American Journal of Educational Research. 2017, 5(2), 161-171. DOI: 10.12691/education-5-2-9
Pub. Date: February 21, 2017
11486 Views3561 Downloads
Design and Evaluation of Demonstration Tools for Newton’s Law of Motion
Original Research
In the absence of readily available teaching resources and laboratories, science teachers are often challenged to improvise instructional tools and materials. This study is aimed to design and evaluate indigenous toy carts intended for teaching Newton’s Law of Motion. Fifteen science teachers from two public high schools were asked to evaluate the developed indigenous toy carts using an evaluation form. A randomly selected intact class of Grade 8 students was also asked to perform a physics activity using the instructional tools developed by the researchers and evaluate the experience using an adopted Intrinsic Motivation Inventory. The demonstration tools were rated at most as acceptable by science teachers on constructional appearance and economy; ease of construction and scientific rigor and usability. Majority of the Grade 8 students found the activity with the indigenous carts interesting and enjoyable. It is recommended that science teachers be given more training and workshops on instructional tools and materials development to enhance the science experience of students.
American Journal of Educational Research. 2017, 5(2), 155-160. DOI: 10.12691/education-5-2-8
Pub. Date: February 20, 2017
11097 Views2874 Downloads6 Likes
Exploring Technology User Environments in Higher Educational Institutions: A Bioecological Theory Based Framework
Review Article
The paper provides a renewed framework for framing technology user environments among higher educational institutions. We propose the need to explore and understand the appropriate technology user environment as a prerequisite to deploying technologies in institutions of higher learning. The proposed framework developed from the perspective of the bioecological theory. The use of technologies for teaching and learning naturally takes place in a bio-ecological environment. It is now acceptable that the academic environments in which technologies are deployed and used have primary features associated with the bioecological theory. Some writers and researchers have therefore related the deployment of technologies in tertiary institutions to the bio-ecological theory. Some of these studies lack emphases on users of technology in an academic environment. Moreover, some individual conceptual studies have failed to recognize some important arms of the natural framework. We also consider the body of evidence on the subject subtle. We, therefore, want to uphold the need to know and understand the appropriate technology user environment as a prerequisite to deploying technologies in higher institutions by revealing a renewed framework for framing it. In this paper, we use conceptual and theoretical studies that employ the bio-ecological theory in forming frameworks relating to technology user environments. The studies used are largely from peer-reviewed journals, but we also used to work and white papers written on the subject. The typical technology user environment has essential features of the bioecological theory. A resounding attribute of this environment is the links or harmony between its subjects (users) and how these relationships extend to choices of technologies, user characteristics and the specific uses of technologies for students, faculty members and institutional management. Management of higher academic institutions can frame their technology user environments by considering the dimensions of the bio-ecological theory (i.e. microsystem factors, mesosystem factors, exosystem factors, and macrosystem factors) along the lines of choices of technologies, user characteristics (such as skills and ability to use technologies) and the specific uses of technologies for students, faculty members and institutional management.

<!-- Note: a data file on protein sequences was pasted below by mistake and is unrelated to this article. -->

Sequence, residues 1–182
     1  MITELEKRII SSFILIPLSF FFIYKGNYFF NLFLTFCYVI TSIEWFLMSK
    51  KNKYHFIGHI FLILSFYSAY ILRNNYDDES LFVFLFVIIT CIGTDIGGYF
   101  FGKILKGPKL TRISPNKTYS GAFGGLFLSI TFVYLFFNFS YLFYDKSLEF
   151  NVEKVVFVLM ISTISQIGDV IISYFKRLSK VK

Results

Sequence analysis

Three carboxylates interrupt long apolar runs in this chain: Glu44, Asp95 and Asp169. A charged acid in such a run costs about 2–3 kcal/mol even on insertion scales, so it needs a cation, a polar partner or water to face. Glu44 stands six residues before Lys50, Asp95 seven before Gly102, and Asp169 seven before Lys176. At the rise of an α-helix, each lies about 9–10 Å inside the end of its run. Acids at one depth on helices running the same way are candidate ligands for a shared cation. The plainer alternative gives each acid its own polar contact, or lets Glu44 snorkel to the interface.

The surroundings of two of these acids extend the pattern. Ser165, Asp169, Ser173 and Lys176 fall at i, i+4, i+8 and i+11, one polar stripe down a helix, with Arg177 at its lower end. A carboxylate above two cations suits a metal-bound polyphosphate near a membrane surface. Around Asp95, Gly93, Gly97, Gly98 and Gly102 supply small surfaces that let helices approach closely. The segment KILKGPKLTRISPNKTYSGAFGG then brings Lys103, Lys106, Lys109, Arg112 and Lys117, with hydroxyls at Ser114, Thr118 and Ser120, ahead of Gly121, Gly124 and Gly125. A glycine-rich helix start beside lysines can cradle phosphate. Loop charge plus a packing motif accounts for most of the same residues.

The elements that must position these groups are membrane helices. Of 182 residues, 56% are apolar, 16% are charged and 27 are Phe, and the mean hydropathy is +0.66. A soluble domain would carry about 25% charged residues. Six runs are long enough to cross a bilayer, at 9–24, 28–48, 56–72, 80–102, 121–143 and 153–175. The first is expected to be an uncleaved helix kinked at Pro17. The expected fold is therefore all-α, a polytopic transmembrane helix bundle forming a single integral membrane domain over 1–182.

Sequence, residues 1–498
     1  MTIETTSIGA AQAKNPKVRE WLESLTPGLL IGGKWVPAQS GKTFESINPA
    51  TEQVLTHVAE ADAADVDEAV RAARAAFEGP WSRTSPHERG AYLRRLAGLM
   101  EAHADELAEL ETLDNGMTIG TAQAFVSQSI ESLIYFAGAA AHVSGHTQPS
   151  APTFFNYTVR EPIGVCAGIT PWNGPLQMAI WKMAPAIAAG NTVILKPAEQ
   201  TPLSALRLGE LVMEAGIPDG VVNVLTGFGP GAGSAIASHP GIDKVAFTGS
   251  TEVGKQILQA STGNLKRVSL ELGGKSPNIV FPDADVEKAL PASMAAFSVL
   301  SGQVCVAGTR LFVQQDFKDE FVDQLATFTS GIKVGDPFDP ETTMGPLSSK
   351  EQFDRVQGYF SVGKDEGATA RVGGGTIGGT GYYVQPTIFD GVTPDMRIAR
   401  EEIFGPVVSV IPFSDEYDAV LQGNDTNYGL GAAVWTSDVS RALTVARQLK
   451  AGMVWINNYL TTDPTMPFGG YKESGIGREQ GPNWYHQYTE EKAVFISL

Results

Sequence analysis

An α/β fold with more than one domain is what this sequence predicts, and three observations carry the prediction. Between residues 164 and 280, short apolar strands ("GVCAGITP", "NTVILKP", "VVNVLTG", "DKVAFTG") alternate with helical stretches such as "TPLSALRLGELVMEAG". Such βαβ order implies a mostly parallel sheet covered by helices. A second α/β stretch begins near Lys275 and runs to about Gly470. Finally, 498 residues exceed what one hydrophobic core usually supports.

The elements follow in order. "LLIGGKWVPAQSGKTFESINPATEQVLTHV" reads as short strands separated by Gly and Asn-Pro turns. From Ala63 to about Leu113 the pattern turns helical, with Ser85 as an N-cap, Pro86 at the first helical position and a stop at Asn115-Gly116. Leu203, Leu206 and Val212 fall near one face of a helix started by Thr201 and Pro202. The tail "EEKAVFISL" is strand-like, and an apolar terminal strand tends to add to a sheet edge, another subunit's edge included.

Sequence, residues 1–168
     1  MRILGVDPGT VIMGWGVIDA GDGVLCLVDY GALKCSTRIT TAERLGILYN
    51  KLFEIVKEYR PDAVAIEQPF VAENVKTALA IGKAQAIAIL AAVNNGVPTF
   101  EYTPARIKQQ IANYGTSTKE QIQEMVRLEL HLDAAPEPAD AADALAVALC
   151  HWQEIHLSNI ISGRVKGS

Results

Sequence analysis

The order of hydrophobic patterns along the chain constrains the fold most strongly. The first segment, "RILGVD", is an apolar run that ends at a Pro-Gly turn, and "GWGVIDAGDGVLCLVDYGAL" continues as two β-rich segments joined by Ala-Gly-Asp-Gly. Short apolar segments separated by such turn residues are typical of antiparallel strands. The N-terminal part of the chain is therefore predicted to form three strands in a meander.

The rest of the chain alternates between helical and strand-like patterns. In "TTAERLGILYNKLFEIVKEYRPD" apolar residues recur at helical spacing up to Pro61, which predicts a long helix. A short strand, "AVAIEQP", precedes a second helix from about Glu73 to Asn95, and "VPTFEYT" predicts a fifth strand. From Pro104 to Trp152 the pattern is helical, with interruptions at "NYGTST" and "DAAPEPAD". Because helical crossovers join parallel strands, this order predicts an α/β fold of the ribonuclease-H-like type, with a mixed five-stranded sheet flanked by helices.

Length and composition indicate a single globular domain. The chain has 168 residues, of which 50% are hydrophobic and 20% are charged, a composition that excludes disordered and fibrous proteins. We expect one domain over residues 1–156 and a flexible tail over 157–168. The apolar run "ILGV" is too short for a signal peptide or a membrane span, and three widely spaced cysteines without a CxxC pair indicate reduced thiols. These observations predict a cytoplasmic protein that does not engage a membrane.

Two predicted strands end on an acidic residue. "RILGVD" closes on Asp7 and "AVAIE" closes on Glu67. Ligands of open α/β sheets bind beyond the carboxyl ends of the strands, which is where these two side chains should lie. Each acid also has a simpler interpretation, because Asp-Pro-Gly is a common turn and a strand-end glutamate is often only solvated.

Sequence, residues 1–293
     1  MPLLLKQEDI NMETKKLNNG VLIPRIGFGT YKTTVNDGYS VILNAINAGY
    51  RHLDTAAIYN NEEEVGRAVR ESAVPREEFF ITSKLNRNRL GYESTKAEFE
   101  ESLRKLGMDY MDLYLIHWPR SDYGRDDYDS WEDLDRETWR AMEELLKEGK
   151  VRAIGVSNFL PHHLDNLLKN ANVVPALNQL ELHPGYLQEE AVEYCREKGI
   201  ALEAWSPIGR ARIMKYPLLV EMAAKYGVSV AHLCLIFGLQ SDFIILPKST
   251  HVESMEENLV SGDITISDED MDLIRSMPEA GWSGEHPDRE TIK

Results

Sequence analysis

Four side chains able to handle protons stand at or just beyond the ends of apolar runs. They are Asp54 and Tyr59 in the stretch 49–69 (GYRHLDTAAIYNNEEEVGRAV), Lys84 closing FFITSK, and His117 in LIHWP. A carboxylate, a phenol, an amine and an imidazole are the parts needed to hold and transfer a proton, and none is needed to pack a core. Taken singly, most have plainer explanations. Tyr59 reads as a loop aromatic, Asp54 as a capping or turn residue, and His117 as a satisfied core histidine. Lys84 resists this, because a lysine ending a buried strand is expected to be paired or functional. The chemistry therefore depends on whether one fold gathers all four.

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American Journal of Educational Research. 2017, 5(2), 150-154. DOI: 10.12691/education-5-2-7
Pub. Date: February 17, 2017
7597 Views2655 Downloads2 Likes
The Effect of CSI Movies on Students’ Chemistry Achievement and Attitude towards Chemistry
Original Research